(21) |

where the power spectrum is known as the standard quantum limit (SQL) for force detection braginsky ().

It is now evident that to attain the QCRB (19), it is necessary to beat the SQL. This requires evading or tempering the effects of the backaction . One way to do this is to correlate and , as was proposed for interferometric gravitational-wave detectors by Unruh unruh (). An alternative is to use quantum noise cancellation (QNC) qnc (), which has the advantage of making the QCRB (19) achievable, as we now show. One QNC approach, discussed in qnc (), adds an auxiliary oscillator with position and momentum . One monitors continuously the collective position , giving a process observable ; the backaction force acts on and thus equally, with strength , on each of the two oscillators. Suppose the auxiliary oscillator has the same resonant frequency and equal, but opposite mass (the negative mass can be simulated by an optical mode at the red sideband of the optical probe). The dynamics of the collective position is then determined by and , where . There being no backaction noise in , one easily finds that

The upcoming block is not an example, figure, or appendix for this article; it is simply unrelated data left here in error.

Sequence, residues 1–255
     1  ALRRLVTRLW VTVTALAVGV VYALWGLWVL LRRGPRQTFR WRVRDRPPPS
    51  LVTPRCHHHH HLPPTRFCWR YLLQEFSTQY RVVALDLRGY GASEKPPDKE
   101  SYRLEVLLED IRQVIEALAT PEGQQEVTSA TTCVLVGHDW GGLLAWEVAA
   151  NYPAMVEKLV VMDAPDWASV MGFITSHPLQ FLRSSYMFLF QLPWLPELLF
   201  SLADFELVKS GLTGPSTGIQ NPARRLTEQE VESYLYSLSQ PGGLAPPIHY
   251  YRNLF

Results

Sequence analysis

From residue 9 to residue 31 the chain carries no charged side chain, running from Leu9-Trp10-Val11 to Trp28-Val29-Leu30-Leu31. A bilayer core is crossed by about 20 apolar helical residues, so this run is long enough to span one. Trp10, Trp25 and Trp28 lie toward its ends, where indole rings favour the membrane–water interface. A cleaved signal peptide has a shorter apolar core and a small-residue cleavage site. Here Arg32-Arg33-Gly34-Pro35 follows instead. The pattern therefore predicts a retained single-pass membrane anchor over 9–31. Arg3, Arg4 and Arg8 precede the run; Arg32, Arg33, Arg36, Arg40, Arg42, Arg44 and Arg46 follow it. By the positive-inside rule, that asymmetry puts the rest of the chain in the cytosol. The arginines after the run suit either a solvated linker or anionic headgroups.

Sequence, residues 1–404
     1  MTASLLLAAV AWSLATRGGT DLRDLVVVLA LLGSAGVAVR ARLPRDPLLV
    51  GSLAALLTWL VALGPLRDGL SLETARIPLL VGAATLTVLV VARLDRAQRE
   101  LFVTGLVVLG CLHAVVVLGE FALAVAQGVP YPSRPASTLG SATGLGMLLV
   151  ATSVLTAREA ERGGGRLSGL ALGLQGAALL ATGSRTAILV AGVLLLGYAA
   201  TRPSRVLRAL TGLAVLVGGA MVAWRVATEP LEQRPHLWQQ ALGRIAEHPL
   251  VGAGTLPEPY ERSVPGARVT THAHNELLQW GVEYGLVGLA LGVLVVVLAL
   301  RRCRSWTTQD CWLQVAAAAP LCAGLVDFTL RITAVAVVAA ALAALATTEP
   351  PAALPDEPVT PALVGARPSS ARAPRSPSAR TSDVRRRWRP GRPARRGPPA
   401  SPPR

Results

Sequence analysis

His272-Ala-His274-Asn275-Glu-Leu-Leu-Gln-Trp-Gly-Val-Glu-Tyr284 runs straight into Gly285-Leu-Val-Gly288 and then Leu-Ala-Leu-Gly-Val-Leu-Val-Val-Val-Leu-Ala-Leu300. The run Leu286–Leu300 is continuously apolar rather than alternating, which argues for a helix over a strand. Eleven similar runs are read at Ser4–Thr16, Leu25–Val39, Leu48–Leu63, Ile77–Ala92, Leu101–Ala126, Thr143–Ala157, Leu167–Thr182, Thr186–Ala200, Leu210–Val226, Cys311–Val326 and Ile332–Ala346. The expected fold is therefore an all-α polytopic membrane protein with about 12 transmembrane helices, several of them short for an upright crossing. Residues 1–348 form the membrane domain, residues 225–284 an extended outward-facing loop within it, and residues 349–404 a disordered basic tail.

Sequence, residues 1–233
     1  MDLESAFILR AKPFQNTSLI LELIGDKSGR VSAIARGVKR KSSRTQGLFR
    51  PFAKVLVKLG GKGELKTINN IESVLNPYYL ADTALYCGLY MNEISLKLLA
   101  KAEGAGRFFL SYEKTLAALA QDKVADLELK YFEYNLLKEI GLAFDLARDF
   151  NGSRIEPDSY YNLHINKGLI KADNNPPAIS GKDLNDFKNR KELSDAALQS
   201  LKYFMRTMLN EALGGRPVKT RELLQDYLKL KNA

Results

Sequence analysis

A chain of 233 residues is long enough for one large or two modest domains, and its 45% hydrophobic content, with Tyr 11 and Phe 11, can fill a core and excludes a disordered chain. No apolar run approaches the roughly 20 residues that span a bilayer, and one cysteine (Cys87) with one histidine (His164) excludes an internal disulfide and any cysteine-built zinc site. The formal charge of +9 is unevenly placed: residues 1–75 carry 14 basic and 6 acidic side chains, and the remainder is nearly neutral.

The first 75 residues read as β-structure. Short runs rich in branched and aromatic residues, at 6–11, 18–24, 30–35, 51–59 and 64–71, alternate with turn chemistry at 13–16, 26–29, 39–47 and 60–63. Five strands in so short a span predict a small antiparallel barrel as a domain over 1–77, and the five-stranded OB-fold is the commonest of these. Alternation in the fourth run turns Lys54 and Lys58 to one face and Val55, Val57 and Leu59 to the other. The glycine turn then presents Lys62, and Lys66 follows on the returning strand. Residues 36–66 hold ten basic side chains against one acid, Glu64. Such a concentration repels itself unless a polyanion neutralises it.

(22) |

with equality for quantum-limited noise. This quantum-noise-cancellation scheme beats the SQL and if the noise is quantum limited, does so optimally: the smoothing error given by Eq. (20) achieves the QCRB (19), which implies that the spectral uncertainty principle (18) is saturated. Our force-sensing QCRB, rigorously proven and demonstrably achievable, thus serves as a fundamental quantum limit, against which the optimality of future force sensing schemes should be tested. More generally, our QCRB for arbitrary cost functions (14) will find application whenever quantum-limited estimation of temporally varying waveforms is attempted.

We acknowledge productive discussions with J. Combes, A. Tacla, Z. Jiang, S. Pandey, M. Lang, and J. Anderson. This work was supported in part by NSF Grants No. PHY-0903953 and No. PHY-1005540, ONR Grant No. N00014-11-1-0082, and ARC Grant CE0348250.